Ivy Committee Declares Yale Student Ineligible

Copyright, The Harvard CRIMSON, February 21, 1955

The Ivy Group Eligibility Committee has declared a freshman at Yale ineligible for intercollegiate athletics for having part of his secondary school education subsidized.

Acting on a complaint originally filed by Harvard, the Committee passed its ineligible ruling last October, and is now publicizing it through Ivy League alumni magazines, so that "all alumni will know we mean to enforce the code," Dean Watson reported last night.

This action marks the first time that this clause of the Ivy code has been invoked to disqualify an athlete, and is clearly meant to be a test case, Watson stated.

The student involved was football captain and 170-lb standout halfback for his high school in Chicago two years ago.

After falling to be accepted at Yale, he spent one year at Cheshire School in Cheshire, Conn., on a scholarship partially subsidized by a group of Yale alumni and other men from Chicago, Watson revealed.

The leader of the group was a former member of the Yale Club of Chicago's Scholarship Committee, it was learned last night.

Student Denies Code Violation

Contacted in New Haven, the student involved pointedly denied that he had broken the Ivy Code ruling, and expressed hope that he might soon regain eligible status after the "mix-up" had been straightened out.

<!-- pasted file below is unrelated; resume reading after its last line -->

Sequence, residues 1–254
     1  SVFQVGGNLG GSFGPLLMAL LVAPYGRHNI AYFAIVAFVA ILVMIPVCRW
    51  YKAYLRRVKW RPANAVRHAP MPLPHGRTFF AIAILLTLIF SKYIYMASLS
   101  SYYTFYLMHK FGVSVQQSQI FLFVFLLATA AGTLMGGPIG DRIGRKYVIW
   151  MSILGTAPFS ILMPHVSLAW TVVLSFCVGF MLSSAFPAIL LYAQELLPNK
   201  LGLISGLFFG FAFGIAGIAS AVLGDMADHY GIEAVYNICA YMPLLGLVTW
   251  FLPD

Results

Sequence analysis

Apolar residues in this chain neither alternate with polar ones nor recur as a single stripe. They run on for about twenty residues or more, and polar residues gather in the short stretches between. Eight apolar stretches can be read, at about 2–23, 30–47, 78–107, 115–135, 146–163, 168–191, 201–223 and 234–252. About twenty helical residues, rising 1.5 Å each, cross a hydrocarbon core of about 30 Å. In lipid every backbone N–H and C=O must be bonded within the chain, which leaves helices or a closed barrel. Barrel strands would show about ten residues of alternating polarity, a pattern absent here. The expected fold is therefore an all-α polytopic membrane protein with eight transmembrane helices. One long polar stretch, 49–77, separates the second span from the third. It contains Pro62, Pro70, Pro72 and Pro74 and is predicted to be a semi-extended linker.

Yale's member of the Eligibility Committee, Dean Francis C. Carroll, refused to discuss the matter last night. "We can't release anything on this, he stated.

But Watson said yesterday: "This was in complete violation of the rules. We feel strongly he cannot be declared eligible." He was in agreement with Dean Francis B. Godolphin, member of the Committee from Princeton.

The section of the Ivy Group Agreement, recently reprinted in Ivy alumni magazines, reads:

"No student entering after September 1, 1953 shall be eligible whose secondary school education was subsidized or whose post-college education is promised by an institution or a group of individuals not closely related to the family as a consideration for his attending the particular institution."

"The ruling must be observed and complied with," Watson emphasized. "If alumni feel we are not going to take the rule seriously, we will be weakened immediately. It's unfortunate for the student involved, but we want all alumni to be aware of the code."

Violation Discovered at Harvard

The apparent subsidization was first discovered by Dean Bender's office.